Shoulder injuries can be another source of concern for any sportsperson. These are caused primarily due to damage to the rotator cuff, which is a group of tendons that support the shoulder. Shoulder dislocation or shoulder sprains and strains can be quite problematic and the pain might just move forward into the arms. For treating shoulder injuries, rest and ice compression are the best remedies.

Ankle sprains and fractures are a common occurrence in sportspersons and they are majorly a result of jumping and running activities. Ankle injuries are synonymous with pain and swelling. Ice compression can help and it is advised not to rest the ankle too much but to move it gently as far as possible.

Elbow injuries are commonly found in sportspersons who are heavily involved in playing tennis. Repeated movements with the elbows can result in pain and inflammation. The range of treatment options vary from a simple ice compression to an extensive physiotherapy routine and a prolonged break from the sport. The best way to avoid such an injury is to do elbow-strengthening exercises.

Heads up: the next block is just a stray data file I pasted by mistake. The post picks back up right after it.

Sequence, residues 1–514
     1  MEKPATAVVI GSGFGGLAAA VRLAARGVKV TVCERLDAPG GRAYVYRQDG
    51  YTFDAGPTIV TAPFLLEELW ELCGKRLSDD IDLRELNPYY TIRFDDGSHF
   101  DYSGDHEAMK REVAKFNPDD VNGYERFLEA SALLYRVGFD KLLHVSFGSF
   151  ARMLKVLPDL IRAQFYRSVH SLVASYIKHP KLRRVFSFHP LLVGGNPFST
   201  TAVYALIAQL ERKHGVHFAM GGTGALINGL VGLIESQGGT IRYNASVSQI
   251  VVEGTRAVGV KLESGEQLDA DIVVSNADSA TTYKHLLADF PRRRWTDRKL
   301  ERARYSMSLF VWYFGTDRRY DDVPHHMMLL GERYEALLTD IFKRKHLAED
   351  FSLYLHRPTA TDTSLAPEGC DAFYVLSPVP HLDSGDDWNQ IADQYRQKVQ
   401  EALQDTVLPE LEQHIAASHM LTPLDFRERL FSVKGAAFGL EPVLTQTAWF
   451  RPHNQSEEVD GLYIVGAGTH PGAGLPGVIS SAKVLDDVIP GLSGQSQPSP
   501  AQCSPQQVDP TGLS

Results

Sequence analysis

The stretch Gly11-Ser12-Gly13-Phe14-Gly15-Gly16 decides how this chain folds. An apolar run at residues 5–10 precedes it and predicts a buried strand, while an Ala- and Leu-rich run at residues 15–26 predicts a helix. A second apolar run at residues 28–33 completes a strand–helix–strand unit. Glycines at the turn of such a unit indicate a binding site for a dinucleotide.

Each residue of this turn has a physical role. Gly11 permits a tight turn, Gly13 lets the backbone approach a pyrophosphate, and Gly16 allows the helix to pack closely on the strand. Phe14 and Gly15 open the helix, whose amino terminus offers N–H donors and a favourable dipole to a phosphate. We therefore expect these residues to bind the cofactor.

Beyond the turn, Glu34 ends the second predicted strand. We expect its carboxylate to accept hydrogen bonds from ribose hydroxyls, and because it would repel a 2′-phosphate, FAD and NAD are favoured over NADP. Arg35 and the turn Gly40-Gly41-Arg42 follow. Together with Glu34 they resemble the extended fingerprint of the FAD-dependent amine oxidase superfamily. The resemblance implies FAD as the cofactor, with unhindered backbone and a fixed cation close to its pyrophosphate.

Problems related to hips are also quite common. Athletes who are regularly involved in running and jumping activities complain of hip pain. This can result in pain and inflammation. The best way to overcome a hip injury is to stretch and strengthen the muscles through exercise. Other than that, the injury should be given considerable time to heal, else it could become chronic in nature.

Sports injuries can have a significant impact on an athlete’s performance. At times, the severity of the injury might even demand going in for a joint replacement procedure. The maxim to be borne in mind here is that ‘prevention is better than cure’.